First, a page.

Islands are almost as diverse as they are numerous: large or small, rich or poor, inhabited or populated. From the earliest times, as populations settled ever farther around the globe, humans have coveted islands as stepping stones and colonies. Islands have served as trading posts, warehouses, naval bases, and refueling stations. They are still valued today for their often exotic environments and remote locales. See Islands Research Paper.
Mountains evolved as havens of bio- and cultural diversity and have long been associated with indestructibility, ruggedness, and characteristics hostile to human endeavors. Until the U.N. designated 2002 the International Year of the Mountain, environmentalists ignored the fragility of mountain regions. Poor, indigenous mountain peoples, victimized by central governments, often have little choice but to overexploit their environment, and are threatened by warfare ubiquitous in many mountainous lands. See Mountains Research Paper.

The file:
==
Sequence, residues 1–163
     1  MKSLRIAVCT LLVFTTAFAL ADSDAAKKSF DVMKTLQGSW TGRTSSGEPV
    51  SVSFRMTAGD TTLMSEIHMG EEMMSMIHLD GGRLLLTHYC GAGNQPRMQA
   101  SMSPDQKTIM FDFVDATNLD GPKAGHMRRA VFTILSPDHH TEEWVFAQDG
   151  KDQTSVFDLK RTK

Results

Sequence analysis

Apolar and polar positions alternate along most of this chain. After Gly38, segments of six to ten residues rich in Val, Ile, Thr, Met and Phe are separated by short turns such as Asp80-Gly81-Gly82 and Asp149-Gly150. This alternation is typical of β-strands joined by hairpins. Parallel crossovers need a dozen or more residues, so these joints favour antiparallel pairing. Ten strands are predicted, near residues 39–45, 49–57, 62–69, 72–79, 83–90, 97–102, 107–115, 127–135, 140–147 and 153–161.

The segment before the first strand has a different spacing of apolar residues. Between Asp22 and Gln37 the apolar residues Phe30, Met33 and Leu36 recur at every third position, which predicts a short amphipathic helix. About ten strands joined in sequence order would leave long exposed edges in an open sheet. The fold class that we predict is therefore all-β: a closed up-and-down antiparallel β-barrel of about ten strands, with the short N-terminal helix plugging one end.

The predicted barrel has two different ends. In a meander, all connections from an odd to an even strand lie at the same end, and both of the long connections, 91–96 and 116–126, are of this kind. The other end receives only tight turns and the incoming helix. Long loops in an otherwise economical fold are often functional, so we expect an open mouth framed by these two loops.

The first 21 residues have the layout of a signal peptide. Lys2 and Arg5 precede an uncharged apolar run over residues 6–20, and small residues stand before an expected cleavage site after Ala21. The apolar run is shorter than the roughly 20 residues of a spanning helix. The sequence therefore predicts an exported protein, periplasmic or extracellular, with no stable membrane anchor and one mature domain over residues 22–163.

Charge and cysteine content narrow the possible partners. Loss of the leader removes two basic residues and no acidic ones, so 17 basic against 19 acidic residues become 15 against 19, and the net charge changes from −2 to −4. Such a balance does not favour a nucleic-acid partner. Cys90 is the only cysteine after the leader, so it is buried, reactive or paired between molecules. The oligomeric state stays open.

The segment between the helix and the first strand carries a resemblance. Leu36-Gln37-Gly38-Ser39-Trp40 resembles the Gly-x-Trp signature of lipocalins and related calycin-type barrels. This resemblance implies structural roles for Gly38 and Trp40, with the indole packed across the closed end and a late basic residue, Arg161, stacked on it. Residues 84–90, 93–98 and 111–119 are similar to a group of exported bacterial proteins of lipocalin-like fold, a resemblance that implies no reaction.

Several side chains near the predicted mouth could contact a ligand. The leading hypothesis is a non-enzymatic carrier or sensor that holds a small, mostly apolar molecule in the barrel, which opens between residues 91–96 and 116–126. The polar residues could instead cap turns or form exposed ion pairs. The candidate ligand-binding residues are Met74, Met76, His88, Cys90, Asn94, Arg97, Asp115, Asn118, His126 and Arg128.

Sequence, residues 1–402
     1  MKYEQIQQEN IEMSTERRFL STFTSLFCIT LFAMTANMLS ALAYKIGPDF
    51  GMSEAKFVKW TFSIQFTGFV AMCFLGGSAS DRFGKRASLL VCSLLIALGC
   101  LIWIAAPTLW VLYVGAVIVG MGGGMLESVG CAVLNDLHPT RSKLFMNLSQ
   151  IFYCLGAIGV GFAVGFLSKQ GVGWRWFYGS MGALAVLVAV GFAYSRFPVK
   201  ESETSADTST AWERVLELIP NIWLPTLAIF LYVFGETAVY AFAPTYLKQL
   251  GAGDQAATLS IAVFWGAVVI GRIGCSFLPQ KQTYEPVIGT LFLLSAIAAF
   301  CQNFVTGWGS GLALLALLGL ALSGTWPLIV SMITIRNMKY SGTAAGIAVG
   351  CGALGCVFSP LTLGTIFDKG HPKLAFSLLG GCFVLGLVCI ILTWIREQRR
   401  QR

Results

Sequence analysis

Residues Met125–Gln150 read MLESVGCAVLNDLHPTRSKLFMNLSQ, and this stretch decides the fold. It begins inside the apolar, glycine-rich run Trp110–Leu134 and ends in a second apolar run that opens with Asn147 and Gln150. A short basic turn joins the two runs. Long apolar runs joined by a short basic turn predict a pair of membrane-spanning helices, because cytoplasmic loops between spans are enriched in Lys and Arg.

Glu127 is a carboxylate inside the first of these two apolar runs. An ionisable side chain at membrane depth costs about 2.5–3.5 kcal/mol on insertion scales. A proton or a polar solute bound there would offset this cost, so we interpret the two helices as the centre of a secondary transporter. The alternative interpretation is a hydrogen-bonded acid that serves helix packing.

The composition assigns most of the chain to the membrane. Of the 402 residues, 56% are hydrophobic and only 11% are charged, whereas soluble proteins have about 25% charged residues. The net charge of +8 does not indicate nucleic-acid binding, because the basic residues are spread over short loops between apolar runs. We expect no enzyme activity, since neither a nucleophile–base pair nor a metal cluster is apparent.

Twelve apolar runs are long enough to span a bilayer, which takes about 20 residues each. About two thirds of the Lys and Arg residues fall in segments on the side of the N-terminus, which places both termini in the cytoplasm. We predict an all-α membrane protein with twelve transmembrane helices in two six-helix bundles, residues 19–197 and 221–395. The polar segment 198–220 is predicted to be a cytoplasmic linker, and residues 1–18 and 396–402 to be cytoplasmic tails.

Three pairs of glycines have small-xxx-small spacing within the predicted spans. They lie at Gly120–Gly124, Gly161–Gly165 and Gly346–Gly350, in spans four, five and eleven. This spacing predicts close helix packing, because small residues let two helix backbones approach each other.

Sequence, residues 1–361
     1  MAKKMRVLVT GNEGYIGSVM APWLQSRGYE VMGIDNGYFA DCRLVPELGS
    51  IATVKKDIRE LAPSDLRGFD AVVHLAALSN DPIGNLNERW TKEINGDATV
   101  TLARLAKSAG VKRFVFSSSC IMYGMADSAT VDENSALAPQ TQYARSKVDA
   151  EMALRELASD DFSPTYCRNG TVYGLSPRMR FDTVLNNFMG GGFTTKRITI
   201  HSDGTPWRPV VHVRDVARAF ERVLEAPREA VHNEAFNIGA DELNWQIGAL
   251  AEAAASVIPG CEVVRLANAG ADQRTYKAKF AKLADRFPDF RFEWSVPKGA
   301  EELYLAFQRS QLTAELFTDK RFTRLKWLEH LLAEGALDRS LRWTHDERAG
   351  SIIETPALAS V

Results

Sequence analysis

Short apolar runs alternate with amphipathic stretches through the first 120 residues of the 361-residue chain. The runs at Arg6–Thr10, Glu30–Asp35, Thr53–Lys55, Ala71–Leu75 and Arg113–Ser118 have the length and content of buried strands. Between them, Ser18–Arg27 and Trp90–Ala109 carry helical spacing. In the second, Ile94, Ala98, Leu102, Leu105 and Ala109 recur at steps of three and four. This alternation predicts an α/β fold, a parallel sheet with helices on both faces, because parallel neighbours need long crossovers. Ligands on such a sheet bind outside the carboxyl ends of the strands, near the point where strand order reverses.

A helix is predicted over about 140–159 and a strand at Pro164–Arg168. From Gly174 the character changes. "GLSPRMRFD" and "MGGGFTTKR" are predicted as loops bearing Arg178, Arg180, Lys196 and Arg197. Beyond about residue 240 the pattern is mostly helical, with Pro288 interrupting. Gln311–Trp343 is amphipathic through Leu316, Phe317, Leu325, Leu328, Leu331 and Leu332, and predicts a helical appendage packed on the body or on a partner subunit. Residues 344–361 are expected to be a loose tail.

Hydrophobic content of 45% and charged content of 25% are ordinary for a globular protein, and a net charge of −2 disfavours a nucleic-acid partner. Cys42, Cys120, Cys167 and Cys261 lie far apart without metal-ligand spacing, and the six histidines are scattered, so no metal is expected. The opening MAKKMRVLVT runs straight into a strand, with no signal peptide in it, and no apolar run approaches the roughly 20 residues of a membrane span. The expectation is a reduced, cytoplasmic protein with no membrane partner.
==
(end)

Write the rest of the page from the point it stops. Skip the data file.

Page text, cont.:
Natural gas consists primarily of methane. It is often located alongside other fossil fuels. Cleaner than other fossil fuels, gas is an important source of energy, both as a gas and in a liquefied state, used in heating, cooking, and powering automobiles. Before it can be used as a fuel, gas must be processed to make it near pure methane. See Natural Gas Research Paper.
All cultures depend on the natural world—plants and animals, the weather, the sun and the sea— for their sustenance. Likewise, each culture has creation stories that classify and provide ethical concepts about its place in the natural world. But not all cultures embody the multitude of universal laws, physical matter, and forms of life on Earth as Western culture does, and attempt to express it all as a single concept called nature. See Nature Research Paper.
Oceans and Seas
Oceans and seas comprise 98 percent of the biosphere and cover about 70 percent of the Earth’s surface. Water is circulated between the oceans and seas, the atmosphere, and the land by evaporation and precipitation, thus transporting chemicals and heat, determining the Earth’s climate, and fertilizing and eroding the land. Humans depend on ocean resources, harvesting marine life, for instance, and drilling the ocean beds for oil. See Oceans and Seas Research Paper.